Tag Archives: redemption

Crossing Explainer: Redemption

This past weekend at The Crossing, someone stopped me before the class I was about to teach and said something to this effect: “Atonement. Redemption. I’ve heard these words a lot. But what do they mean?”

I’m glad he asked the question, because I’m convinced that this is a common experience in Christian contexts. We come across the words often enough, maybe in a worship service or a small group study, or even reading the Bible on our own. And we know they’re important. But we’re just not always sure what they mean.

In fact, this is to be expected. Almost any organization or particular field of study contains specialized language. And that language allows us to convey important concepts in a quick and concise manner. That is, as long as we know what that language means. If we don’t, understanding and appreciating what’s being communicated can be much more difficult.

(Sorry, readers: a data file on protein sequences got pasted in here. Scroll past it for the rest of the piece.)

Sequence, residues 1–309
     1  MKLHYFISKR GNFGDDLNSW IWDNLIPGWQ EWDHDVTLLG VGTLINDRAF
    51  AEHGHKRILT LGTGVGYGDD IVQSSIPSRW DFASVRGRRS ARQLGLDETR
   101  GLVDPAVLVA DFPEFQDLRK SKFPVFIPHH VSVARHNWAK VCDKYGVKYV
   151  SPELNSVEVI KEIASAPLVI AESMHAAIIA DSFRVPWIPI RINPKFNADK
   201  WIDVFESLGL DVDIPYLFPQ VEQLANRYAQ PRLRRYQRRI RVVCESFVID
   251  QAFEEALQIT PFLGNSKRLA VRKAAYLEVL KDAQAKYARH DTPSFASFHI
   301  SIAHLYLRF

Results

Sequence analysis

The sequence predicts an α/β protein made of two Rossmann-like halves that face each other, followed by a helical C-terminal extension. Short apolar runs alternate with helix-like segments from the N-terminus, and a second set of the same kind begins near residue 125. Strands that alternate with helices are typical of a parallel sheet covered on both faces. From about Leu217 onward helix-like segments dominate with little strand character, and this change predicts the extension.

Enter the Crossing Explainer: a short blog post defining a key term associated with the Christian faith. For the inaugural post, let’s look at one of the terms mentioned above: redemption. (And even if you think you’re familiar with the term, you may find it richer than you realized.)

What Do You Do When You’re Discouraged?

It’s easy to be discouraged isn’t it?

Over a troubled relationship. Because you find your job less than satisfying.  In light of a difficult health situation. When your kids don’t seem to listen, or when they experience pain of their own. Because something important in the world—politics, the economy, cultural values, etc.—falls short of your expectations or hopes. Or it could be for one of a thousand other reasons. Even here in the United State, where we have so many advantages and blessings, discouragement is often a daily companion.

So what should we do when we get discouraged? What’s a faithful response to all the challenges and disappointments that are all around us? As usual, a single blog post won’t do the subject justice, but here are at least a few things to keep in mind: